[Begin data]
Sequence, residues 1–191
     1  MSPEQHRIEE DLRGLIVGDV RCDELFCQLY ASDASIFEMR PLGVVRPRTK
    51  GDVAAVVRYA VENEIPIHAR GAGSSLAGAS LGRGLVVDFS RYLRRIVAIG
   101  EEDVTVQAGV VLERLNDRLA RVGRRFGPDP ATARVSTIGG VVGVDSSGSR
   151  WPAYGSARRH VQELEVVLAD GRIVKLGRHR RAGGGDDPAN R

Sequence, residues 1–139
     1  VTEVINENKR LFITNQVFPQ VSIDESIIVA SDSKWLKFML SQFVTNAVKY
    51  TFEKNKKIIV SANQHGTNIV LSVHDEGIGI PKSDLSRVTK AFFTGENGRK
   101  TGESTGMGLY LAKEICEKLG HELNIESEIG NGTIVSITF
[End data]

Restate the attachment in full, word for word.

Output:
Sequence, residues 1–191
     1  MSPEQHRIEE DLRGLIVGDV RCDELFCQLY ASDASIFEMR PLGVVRPRTK
    51  GDVAAVVRYA VENEIPIHAR GAGSSLAGAS LGRGLVVDFS RYLRRIVAIG
   101  EEDVTVQAGV VLERLNDRLA RVGRRFGPDP ATARVSTIGG VVGVDSSGSR
   151  WPAYGSARRH VQELEVVLAD GRIVKLGRHR RAGGGDDPAN R

Sequence, residues 1–139
     1  VTEVINENKR LFITNQVFPQ VSIDESIIVA SDSKWLKFML SQFVTNAVKY
    51  TFEKNKKIIV SANQHGTNIV LSVHDEGIGI PKSDLSRVTK AFFTGENGRK
   101  TGESTGMGLY LAKEICEKLG HELNIESEIG NGTIVSITF